Anonymous asked (edited)
What’s the point in living? There’s going to be judgement day, the world’s going to end anyway. … If there is an end, everything we do would be useless … Maybe one’s purpose may be to make this world a better place. Forget it, the world’s going to end. … If I want to meet my Father in heaven, I can just kill myself and make my life much easier.
I hate this world. Why can’t I kill myself to go to this place? Why would I go to hell if I killed myself? Why am I working so hard to survive in this world? … I’m sinful. I’m guilty. I’m not happy at all. I’m not grateful for being alive. … Why should I live in a world that ruled by the devil? The prince of this world is the devil. Instead of living in the devil’s world where I could get tempted and go through pain and suffering, I just want to leave this world. Wouldn’t I be more happy in the heavenly world with my Father and Jesus with me?
You know, I’ve asked myself a lot of these same questions. I think all of us have. When I meet elder people who come to Christian faith late in their lives, they always ask, “Why can’t God just take me home now? I’m too old to be a Christian.”
I don’t have an easy answer or a formula for everything you mentioned. In fact, anything I say on this might be ultimately disappointing. But I do know that 1) God originally created the world perfectly, 2) the world now is currently not as it ought to be (which we all know), and 3) the very fact that we can struggle with these things means we are alive, which means our lives have already launched into being.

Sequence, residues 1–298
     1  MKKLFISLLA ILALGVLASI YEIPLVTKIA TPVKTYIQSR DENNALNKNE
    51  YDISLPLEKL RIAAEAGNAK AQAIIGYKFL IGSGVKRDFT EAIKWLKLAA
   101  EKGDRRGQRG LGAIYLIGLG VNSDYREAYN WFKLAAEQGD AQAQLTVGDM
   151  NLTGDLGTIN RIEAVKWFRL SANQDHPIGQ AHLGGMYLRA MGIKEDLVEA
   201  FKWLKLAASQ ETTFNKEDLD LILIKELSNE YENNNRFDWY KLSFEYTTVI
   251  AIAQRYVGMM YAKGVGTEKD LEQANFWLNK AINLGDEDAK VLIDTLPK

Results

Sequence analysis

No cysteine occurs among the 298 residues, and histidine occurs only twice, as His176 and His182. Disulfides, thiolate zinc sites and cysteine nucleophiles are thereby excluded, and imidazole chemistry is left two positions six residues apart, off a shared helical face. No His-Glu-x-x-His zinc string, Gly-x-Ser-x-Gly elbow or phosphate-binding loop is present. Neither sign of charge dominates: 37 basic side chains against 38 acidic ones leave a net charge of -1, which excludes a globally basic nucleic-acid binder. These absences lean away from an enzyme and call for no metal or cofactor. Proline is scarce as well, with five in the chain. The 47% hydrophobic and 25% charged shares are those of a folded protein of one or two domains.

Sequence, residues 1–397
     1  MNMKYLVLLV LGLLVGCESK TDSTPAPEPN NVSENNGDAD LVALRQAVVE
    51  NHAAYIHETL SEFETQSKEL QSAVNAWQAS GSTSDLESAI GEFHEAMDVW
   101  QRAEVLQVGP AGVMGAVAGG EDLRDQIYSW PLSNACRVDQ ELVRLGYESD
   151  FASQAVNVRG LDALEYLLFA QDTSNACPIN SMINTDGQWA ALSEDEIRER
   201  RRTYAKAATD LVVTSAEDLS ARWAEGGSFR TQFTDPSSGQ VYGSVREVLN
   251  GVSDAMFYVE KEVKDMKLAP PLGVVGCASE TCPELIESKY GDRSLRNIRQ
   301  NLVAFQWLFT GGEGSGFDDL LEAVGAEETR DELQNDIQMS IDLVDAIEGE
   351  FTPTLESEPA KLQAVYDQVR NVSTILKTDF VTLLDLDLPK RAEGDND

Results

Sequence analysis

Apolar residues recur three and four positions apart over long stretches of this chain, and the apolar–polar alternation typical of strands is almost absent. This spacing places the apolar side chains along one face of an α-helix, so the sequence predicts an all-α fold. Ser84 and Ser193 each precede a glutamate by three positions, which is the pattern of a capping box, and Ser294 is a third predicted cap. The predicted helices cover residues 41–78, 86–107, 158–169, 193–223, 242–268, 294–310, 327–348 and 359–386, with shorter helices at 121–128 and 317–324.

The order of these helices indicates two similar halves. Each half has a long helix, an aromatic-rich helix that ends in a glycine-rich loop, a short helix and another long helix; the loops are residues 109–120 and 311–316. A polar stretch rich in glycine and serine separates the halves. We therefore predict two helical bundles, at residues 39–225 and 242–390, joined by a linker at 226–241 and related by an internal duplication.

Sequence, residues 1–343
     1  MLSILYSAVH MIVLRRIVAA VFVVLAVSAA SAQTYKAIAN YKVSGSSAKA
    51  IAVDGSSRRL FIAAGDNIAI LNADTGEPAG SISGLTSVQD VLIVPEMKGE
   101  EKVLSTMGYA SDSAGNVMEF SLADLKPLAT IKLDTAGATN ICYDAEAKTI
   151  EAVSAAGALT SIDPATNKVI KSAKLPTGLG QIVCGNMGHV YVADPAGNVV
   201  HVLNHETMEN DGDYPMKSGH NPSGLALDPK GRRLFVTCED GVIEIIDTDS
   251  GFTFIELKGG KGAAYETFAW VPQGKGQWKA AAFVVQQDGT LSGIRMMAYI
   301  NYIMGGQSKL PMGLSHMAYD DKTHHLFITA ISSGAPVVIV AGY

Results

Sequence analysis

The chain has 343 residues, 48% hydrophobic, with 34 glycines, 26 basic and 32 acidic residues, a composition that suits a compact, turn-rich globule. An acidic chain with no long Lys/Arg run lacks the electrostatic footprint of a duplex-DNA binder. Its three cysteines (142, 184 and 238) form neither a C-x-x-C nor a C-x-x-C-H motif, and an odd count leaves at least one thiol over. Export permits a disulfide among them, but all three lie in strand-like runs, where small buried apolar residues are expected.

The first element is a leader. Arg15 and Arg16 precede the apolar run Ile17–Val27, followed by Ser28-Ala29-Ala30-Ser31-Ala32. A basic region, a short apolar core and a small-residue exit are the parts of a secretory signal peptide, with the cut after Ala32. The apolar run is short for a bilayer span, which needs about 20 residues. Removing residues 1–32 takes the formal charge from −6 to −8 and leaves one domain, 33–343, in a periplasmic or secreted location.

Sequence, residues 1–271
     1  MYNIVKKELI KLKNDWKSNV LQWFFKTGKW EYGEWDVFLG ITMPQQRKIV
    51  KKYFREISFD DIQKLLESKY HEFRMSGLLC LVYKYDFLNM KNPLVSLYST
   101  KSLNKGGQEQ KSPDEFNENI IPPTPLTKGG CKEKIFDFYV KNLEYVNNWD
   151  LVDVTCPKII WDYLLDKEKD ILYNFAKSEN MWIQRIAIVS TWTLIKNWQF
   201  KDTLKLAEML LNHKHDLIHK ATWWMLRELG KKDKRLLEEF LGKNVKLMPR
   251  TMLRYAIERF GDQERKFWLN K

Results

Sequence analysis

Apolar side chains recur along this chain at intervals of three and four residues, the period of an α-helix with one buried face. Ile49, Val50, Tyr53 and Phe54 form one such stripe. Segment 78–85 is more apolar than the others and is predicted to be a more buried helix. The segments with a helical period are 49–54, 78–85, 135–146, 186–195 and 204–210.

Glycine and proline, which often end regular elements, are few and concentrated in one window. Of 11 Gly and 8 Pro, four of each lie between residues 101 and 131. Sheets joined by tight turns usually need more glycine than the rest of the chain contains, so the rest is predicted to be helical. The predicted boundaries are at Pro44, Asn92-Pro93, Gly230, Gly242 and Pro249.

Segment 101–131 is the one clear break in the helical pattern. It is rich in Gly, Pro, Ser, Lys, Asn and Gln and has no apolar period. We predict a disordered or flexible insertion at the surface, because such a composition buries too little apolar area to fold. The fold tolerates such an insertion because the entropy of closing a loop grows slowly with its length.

When I say “our lives have already launched,” it’s like when you begin playing a song or giving a public speech. You’re now in the middle of it. You’ve started and now you must finish, and there’s a constant tension of how it will end. But since it’s been launched, you must choose to do something with it. So we can either give into pessimism, or numb ourselves with optimism, or keep some healthy balance of both.
Some days I’m overly optimistic. Other days I just want to yell “Screw you people.” But everyday, I choose to fight. I fight evil, oppression, injustice, sin. I fight for happiness, for joy, for fellowship, for the things of God. Why? Some days I don’t even know. It doesn’t always feel worth it. Sometimes I choose the right thing and I get screwed over, and I see people do the wrong thing and get rewarded.
But given the current reality of our world and the fact that my life has already launched, I would rather fight on the side of good. I would rather know for ME (at the very least, and for God at the most) that I am giving life, not taking it, and that I used my life to give it away even when the odds were against me. That’s ultimately and ironically how we find peace. By fighting for it.